The transitional program is only available to customers who had been in the IAWP and had opted out. Customers may remain in the IAWP throughout the phase-out period and be eligible for all CWA discounts.

In December 2008, the CWA board adopted an ordinance setting transitional SAWR supply rates at $412 per acre-foot for untreated water and $580 per acre-foot for treated water for calendar year 2009.

During calendar year 2009, CWA member agencies paid municipal and industrial supply rates per acre-foot of $463 untreated water and $631 for treated water while the IAWP rate per acre-foot was $322 for untreated water and $490 for treated water.

Including transportation, storage and other costs, the full M&I rates for 2009 per acre-foot averaged $598 for untreated water and $766 for treated water while the full

IAWP rates per acre-foot averaged $413 for untreated water and $556 for treated water.

The October 2008 action also formed a workgroup which was directed to return to the CWA board by the end of calendar year 2009 with options for programs beyond the transitional period. The complexity of the issues surrounding the agricultural discount programs has caused a recommendation to be delayed until early 2010.

The workgroup is chaired by Ken Williams, who also chairs the Administrative and Finance Committee and is one of the City of San Diego representatives on the CWA board. Also on the workgroup are CWA board members Keith Lewinger from the Fallbrook Public Utility District and Rua Petty of the Rainbow Municipal Water District.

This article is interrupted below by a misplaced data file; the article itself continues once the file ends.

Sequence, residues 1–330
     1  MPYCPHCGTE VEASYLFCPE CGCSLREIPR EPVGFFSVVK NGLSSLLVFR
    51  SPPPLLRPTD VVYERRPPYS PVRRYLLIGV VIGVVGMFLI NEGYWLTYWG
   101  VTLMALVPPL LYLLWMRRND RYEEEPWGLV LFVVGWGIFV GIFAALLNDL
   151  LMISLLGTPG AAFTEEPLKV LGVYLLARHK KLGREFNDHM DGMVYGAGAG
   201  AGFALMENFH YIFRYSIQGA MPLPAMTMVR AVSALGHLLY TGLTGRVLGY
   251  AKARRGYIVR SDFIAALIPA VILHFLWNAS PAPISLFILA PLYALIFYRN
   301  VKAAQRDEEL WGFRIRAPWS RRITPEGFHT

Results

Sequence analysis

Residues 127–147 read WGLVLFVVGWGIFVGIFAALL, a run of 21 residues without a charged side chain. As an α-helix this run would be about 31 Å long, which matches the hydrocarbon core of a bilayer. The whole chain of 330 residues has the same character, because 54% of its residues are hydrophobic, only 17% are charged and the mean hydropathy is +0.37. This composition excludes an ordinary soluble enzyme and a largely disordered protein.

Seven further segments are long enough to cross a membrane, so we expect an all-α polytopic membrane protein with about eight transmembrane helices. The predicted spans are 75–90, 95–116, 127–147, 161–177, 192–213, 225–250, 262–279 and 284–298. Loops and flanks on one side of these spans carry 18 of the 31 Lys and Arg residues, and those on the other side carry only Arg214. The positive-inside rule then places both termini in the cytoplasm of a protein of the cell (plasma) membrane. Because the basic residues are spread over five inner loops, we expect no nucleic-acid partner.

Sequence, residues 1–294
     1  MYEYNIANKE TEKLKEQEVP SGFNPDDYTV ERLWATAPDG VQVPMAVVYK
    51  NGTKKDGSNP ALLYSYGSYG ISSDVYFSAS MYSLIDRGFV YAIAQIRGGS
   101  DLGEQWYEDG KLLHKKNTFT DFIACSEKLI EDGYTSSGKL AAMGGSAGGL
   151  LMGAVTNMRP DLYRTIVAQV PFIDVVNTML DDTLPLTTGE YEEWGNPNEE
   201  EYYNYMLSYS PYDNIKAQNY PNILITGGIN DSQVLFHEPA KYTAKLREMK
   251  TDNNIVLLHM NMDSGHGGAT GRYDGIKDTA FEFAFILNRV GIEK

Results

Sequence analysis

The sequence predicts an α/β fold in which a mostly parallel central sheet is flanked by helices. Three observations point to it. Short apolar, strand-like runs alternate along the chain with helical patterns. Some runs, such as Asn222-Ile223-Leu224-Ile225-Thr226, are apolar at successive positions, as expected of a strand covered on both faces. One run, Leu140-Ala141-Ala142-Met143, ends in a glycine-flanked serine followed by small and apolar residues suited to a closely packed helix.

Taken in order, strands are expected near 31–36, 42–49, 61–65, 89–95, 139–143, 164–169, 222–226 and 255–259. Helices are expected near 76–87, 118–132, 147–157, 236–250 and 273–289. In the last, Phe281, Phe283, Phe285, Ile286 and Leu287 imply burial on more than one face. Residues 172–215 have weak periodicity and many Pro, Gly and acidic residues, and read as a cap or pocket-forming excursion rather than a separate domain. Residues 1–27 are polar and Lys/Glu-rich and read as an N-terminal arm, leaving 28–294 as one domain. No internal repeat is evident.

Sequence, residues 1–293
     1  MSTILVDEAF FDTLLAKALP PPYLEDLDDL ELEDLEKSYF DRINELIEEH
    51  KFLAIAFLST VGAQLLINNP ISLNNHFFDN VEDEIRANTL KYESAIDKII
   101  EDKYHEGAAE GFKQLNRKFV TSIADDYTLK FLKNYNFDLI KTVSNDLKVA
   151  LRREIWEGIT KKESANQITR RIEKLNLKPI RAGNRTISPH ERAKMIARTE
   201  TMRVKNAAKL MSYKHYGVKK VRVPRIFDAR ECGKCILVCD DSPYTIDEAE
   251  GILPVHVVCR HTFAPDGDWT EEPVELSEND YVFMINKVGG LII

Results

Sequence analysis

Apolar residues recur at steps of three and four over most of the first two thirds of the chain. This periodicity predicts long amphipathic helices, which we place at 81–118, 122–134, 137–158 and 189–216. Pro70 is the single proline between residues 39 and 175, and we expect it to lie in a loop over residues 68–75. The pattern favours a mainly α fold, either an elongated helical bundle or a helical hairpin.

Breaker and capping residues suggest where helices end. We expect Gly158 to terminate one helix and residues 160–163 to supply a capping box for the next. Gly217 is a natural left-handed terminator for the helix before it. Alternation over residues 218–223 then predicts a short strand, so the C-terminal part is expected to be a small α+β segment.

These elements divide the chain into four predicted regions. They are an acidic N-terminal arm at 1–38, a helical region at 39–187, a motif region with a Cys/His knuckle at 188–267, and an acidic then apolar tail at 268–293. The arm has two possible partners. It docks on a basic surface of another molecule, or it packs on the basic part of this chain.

The workgroup has met six times since its formation and has discussed the group’s purpose and work plan, reviewed details of existing agricultural discount programs, received input from the agricultural community, established overriding policies and goals associated with any potential program, reviewed the impact to the reliability benefit during an emergency shortage for commercial and industrial customers and discussed the cost and benefit to municipal and industrial customers associated with the supply component of an agricultural discount program.

The overriding policies and principles include that any potential program must benefit municipal and industrial customers as well as agricultural customers, that any program be stable and predictable for farmers, and that the program does not need to be linked to MWD cutbacks or rates, and that program simplicity is desirable.

Larson hopes that any decision on the future of the SAWR following the end of the two-year transitional period will be made in April rather than in March, which would allow better review of the workgroup’s February meeting with agricultural interests.

“We want to have sufficient time to react to that,” Larson said. “We would much rather get it right than get it quick.”

Although the decision on a possible extension is planned for the March 25 board meeting, the board could delay a vote until the following month.

“If we have to bring it back in April, we could,” Lewinger said.

To comment on this story online, visit


Reader Comments(0)